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What is Corn Syrup?

Michael Pollick
By
Updated May 16, 2024
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There is no such thing as a natural corn syrup pressed directly from corn kernels. Instead, the pulpy middle layer called cornstarch is first separated from the outer husk and the inner germ layers. The cornstarch is then stored in giant vats, where natural enzymes are added to break it down into glucose. It is these sugars that are heated and turned into a syrup.

Corn syrup is almost exactly as sweet as the granulated sugar it often replaces in recipes. It can be naturally light in color, which is often used in candymaking, or darker, which is usually used for general baking purposes. The light form may have vanilla flavoring added, while the dark syrup has a stronger natural flavor.

The advantage of this product over sugar is its resistance to crystallization. A candy lollipop made with corn syrup will retain its smooth texture, while a similar treat made from pure sugar may turn into a hardened rock candy. It also prohibits crystal formation when added to a cake or fudge mixture.

Light and dark syrup both have a balance of dextrose, fructose, malt, and glucose to keep them chemically stable, although this sweetener does have a limited shelf life compared to others. The most controversial form — high fructose corn syrup (HFCS) — is rarely sold directly to consumers, although it can be found in a majority of processed foods sold in grocery stores.

HFCS is subjected to additional processes as compared to regular corn syrup. First, three types of enzymes — alpha-amylase, glucoamylase, and glucose-isomerase — are successively added to change the starch to glucose and then fructose. Pure glucose is then added to the mixture to create the ratio of fructose to glucose that makes up the final product. There are various fructose-glucose ratios in HFCS, including 90-10, 42-43, and 55-45. Since the United States Department of Agriculture (USDA) subsidizes corn production in the US but taxes imported sugar, HFCS has become the default sweetener in many consumer food products.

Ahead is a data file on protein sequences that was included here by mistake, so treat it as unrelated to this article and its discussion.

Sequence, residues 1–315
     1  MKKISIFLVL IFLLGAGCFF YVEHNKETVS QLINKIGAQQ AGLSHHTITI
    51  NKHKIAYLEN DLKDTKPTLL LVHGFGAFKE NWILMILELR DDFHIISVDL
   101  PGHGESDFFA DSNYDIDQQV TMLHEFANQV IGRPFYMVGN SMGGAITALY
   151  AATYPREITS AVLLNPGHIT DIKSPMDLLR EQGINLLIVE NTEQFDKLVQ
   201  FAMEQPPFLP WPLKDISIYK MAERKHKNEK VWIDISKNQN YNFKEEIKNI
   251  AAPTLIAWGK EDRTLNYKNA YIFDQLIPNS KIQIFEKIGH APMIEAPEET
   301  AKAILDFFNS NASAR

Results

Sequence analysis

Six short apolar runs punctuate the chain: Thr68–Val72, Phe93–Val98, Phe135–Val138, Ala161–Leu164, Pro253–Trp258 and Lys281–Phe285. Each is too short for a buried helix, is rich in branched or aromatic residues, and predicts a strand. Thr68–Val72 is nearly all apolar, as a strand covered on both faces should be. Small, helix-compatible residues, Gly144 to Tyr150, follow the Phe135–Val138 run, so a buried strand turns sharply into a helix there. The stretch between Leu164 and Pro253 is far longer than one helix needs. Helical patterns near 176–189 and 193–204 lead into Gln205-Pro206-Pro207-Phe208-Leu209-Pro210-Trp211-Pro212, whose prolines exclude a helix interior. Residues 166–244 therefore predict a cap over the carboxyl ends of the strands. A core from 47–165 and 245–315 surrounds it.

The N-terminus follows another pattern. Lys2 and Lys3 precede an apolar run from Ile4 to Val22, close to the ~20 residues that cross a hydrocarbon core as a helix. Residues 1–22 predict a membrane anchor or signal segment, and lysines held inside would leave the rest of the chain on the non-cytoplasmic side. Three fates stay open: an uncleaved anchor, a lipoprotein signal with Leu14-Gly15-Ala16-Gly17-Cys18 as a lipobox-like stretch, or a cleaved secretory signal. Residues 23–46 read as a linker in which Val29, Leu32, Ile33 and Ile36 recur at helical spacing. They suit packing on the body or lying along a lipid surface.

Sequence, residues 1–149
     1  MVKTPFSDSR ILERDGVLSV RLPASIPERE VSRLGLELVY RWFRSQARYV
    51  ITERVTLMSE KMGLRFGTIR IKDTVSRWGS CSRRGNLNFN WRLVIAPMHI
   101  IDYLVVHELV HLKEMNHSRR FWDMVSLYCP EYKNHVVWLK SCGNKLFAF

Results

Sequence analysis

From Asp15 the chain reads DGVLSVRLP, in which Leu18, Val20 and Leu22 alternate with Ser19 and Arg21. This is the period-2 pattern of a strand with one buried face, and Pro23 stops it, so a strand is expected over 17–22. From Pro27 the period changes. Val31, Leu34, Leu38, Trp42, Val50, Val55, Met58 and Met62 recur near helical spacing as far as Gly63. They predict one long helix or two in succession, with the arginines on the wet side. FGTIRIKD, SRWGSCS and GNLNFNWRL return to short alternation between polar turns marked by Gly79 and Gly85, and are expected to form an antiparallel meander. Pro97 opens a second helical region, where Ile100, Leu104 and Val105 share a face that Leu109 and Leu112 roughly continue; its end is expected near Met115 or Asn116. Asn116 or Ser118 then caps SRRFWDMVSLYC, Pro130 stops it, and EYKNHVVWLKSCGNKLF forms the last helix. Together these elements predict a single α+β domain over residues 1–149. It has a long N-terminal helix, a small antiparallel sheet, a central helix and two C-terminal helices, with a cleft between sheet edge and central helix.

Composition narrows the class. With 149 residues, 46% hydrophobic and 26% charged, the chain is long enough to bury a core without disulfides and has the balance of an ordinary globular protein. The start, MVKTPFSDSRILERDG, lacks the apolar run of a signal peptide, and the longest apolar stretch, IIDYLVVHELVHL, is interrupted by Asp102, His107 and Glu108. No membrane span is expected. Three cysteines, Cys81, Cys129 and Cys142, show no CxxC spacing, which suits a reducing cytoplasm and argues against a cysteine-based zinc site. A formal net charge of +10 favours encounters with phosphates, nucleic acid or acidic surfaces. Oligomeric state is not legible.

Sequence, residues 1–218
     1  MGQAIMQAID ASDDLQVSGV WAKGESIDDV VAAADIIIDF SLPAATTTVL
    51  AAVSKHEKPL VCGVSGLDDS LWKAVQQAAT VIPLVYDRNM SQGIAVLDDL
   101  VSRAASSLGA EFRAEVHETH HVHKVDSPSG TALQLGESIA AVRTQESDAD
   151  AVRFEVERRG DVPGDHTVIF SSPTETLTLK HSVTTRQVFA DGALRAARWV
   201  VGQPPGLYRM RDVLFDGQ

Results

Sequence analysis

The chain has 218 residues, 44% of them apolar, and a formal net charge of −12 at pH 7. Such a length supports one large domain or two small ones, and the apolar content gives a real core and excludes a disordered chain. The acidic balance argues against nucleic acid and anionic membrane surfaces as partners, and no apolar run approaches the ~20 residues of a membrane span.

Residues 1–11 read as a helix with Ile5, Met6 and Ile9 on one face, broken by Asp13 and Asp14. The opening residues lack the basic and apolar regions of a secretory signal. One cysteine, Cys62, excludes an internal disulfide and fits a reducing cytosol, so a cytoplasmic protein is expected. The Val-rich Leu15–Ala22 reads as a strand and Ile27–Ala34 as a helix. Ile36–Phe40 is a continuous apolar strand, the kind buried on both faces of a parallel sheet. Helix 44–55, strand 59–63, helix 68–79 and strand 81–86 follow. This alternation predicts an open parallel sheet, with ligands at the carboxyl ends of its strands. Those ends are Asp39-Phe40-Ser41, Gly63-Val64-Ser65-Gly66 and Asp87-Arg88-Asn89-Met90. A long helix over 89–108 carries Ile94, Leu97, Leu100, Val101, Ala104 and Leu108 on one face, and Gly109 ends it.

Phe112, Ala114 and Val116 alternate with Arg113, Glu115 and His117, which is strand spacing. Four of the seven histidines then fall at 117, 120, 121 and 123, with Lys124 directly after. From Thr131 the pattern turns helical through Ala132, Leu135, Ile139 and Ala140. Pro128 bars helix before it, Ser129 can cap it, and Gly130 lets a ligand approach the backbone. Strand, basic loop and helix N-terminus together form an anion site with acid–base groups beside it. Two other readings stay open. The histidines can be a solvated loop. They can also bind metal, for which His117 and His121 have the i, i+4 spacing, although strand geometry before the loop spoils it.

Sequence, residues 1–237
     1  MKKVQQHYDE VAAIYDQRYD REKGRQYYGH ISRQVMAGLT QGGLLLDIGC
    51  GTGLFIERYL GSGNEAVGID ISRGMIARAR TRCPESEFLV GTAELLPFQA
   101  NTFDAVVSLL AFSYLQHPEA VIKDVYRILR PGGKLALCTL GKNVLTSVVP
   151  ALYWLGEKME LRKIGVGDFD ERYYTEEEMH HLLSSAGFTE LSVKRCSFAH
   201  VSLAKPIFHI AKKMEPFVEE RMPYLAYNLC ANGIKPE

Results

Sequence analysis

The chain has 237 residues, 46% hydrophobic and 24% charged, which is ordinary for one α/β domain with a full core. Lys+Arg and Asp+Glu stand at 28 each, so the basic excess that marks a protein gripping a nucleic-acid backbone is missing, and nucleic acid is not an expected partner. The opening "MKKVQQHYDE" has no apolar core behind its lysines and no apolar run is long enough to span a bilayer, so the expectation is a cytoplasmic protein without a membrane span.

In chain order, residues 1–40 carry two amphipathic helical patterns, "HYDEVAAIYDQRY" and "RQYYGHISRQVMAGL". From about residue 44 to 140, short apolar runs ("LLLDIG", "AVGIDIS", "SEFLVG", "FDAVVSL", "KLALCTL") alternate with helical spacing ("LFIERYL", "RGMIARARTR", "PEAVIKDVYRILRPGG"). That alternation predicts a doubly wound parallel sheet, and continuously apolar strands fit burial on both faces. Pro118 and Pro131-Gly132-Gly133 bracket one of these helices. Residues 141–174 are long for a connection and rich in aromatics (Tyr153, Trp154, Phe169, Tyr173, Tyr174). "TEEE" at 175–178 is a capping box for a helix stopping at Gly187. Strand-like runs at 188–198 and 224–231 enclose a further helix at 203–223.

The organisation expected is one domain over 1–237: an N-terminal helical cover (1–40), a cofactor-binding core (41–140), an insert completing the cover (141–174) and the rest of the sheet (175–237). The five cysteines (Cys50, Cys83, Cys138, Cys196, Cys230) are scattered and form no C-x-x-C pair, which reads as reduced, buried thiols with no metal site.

Manufacturers insist that their product is just as healthy as the sucrose sugar it replaces in soft drinks, plus the savings in taxes keeps domestic food prices low. Opponents point to studies indicating serious health problems in laboratory rats fed a constant diet of this sweetener. Other sugars, like sucrose, can be processed by every cell in the human body, but fructose must be broken down in the liver. Over a lifetime, it has been suggested that the liver may become overworked by a diet heavy in this type of sugar.